The room was mostly unadorned, with the single bed set lengthwise against the wall, his feet pointing towards the now dark inglenook. Along the opposite wall were a series of hooks from which hung lanterns. While they could swing and perhaps strike the wall, the click had been coming from near the floor, so it could not possible be them. Besides, though the breeze blew through the main room, there was none to be found in his own bedchamber.
Perhaps a draft from the chimney itself had unsettled the set of decorative cast iron pokers that were hooked by the hearth. They could easily sway as well, and perhaps strike the tiling stones of the hearth. Felsah nodded a bit at that, satisfied he had found the answer to the mysterious sound. It must have been one of the pokers tapping lightly against the hearth as a down draft came though the chimney. He thought he detected a faint odour of ash in the air as it was.
He sighed and snuggled tighter within the blankets, his thin frame cold in the Northern air. He had spent most of his life in Yesulam, in the deserts of the Holy Land. It was very cold at night there too, but it was a different sort of cold. In the deserts, the cold had come from the heat of the day evaporating into the sky. Here at Metamor, the cold itself felt like a tangible reality, one that pushed aside the day, asserting itself by filling every big of bone, flesh, metal and wood with its resilient stillness.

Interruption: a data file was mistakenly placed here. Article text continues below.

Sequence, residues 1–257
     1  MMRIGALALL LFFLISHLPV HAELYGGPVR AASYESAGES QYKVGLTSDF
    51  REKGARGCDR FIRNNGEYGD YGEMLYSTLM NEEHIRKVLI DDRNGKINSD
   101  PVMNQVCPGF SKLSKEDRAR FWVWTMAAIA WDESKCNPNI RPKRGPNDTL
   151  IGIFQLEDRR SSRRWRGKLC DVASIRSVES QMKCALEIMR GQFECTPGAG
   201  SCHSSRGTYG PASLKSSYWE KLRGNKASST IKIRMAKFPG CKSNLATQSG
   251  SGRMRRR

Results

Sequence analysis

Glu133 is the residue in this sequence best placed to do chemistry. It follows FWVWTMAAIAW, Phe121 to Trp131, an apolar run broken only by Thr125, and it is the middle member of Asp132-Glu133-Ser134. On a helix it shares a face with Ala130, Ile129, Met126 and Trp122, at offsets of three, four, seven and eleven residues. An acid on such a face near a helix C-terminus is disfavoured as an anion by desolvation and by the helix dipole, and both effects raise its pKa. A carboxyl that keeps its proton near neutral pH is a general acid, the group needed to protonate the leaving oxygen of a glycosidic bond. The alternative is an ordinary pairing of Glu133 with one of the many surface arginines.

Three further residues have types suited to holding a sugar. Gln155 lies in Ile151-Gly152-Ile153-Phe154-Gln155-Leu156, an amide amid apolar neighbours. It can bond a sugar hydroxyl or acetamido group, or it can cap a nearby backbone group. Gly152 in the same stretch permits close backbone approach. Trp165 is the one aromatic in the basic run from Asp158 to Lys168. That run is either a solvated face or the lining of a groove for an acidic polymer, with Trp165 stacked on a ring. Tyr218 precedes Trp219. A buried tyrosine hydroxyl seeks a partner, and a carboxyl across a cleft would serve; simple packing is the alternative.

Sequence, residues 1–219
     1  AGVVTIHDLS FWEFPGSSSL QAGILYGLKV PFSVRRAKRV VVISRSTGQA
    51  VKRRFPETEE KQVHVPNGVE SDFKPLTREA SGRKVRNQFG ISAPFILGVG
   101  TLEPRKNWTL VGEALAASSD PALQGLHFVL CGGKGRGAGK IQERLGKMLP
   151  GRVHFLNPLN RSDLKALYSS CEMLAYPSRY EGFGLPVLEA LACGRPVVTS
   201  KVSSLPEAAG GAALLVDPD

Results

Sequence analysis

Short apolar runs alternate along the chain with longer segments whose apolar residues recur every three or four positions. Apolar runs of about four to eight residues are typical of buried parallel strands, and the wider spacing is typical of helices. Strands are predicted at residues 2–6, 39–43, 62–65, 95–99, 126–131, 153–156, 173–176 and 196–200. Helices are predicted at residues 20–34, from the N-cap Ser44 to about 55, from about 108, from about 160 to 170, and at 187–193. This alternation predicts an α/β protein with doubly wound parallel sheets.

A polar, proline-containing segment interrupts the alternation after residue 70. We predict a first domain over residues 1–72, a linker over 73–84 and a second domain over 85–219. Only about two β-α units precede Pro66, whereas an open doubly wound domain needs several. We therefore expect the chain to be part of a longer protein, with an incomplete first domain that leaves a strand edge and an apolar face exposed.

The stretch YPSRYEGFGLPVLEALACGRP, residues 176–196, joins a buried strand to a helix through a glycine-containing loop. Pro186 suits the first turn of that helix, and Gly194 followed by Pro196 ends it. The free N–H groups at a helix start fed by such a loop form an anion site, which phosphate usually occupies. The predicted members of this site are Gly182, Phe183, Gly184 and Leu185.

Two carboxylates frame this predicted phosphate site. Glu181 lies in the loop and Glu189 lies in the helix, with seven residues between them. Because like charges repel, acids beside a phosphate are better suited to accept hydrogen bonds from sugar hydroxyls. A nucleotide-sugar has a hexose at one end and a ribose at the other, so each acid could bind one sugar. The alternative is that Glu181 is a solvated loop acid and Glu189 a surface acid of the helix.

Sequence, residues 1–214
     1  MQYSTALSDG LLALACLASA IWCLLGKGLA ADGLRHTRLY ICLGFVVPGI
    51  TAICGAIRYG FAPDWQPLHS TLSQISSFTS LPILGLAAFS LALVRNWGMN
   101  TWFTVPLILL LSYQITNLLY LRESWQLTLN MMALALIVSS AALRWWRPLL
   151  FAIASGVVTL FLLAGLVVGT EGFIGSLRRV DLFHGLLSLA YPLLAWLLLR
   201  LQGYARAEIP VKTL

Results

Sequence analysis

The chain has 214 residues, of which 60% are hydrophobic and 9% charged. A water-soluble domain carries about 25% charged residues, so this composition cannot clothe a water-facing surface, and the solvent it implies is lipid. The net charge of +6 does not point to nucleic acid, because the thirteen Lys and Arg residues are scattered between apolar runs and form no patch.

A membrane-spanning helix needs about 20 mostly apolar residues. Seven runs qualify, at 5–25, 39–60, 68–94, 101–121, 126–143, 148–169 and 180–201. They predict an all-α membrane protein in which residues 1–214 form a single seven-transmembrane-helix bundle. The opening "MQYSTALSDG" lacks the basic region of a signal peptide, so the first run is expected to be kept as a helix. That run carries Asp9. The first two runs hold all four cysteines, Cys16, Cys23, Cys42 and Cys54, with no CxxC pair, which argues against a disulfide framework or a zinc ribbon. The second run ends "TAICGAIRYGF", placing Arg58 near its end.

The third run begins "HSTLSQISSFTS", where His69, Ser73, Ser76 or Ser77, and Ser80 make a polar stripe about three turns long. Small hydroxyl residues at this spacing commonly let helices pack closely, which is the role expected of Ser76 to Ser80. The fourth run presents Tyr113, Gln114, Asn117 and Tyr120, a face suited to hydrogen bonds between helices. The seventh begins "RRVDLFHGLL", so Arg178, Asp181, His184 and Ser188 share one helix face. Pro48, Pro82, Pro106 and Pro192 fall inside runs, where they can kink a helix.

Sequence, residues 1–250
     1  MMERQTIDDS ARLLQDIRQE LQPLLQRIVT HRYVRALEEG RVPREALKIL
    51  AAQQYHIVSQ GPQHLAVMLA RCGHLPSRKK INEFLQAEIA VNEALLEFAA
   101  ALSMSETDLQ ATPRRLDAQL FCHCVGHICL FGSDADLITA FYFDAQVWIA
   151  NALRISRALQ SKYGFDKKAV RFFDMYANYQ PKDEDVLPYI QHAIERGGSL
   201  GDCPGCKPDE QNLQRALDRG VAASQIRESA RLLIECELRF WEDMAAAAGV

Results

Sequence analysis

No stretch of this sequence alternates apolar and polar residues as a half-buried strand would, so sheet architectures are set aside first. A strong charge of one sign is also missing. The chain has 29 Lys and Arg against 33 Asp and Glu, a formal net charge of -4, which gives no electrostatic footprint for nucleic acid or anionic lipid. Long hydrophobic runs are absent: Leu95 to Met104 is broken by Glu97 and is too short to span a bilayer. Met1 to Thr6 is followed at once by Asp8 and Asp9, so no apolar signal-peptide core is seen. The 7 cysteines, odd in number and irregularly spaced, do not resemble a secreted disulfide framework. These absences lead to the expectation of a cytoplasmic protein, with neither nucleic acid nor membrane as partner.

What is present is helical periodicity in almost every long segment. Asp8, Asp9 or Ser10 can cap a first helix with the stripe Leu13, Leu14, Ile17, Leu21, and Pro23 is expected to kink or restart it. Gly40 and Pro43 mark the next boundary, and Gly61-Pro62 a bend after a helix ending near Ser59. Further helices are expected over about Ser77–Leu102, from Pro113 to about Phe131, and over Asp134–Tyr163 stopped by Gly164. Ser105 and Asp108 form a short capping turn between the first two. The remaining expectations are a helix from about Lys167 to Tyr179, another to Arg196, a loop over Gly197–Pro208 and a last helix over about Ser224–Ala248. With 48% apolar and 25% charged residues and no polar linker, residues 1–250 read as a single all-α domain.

Felsah turned onto his side, curling his legs up closer to his chest. It would not do to be tired all day long, and so with practised ease, he began to recite the Litanies in his mind. Their soothing words stilled all other thought, emptying him of their clawing concerns and pressing demands. The words of the Litany let his mind resume that downward spiral into slumber, sinking ever deeper into the warmth of his quilts and cushions. Like an enveloping glove closing tight around him, he felt sleep seal over him, cutting off the wakeful word bit by bit.
And then, just when only a tiny sliver of awareness remained, the words of the Litany long deteriorated into a mush of meaningless language, the metallic click sounded again. His eyes fluttered open, his lips set in a thin line. He shifted about in his covers and began to recite the Litanies once more, when a stray thought broke through his meditative regimen. There was something different about that particular sound, something odd that had summoned him back from sleep.